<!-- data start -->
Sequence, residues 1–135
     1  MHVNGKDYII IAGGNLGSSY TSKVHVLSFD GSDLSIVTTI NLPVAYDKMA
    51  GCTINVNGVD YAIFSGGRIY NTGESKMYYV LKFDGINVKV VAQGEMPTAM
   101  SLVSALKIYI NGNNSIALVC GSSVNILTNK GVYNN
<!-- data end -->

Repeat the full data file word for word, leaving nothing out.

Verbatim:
Sequence, residues 1–135
     1  MHVNGKDYII IAGGNLGSSY TSKVHVLSFD GSDLSIVTTI NLPVAYDKMA
    51  GCTINVNGVD YAIFSGGRIY NTGESKMYYV LKFDGINVKV VAQGEMPTAM
   101  SLVSALKIYI NGNNSIALVC GSSVNILTNK GVYNN